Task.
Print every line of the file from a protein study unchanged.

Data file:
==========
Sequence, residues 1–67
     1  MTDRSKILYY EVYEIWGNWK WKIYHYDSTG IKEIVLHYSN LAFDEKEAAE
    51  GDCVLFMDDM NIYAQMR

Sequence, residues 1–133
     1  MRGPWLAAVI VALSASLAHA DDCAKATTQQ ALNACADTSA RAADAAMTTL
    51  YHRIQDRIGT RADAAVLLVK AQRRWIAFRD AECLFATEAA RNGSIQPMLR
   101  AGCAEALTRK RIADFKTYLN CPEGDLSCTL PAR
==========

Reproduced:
Sequence, residues 1–67
     1  MTDRSKILYY EVYEIWGNWK WKIYHYDSTG IKEIVLHYSN LAFDEKEAAE
    51  GDCVLFMDDM NIYAQMR

Sequence, residues 1–133
     1  MRGPWLAAVI VALSASLAHA DDCAKATTQQ ALNACADTSA RAADAAMTTL
    51  YHRIQDRIGT RADAAVLLVK AQRRWIAFRD AECLFATEAA RNGSIQPMLR
   101  AGCAEALTRK RIADFKTYLN CPEGDLSCTL PAR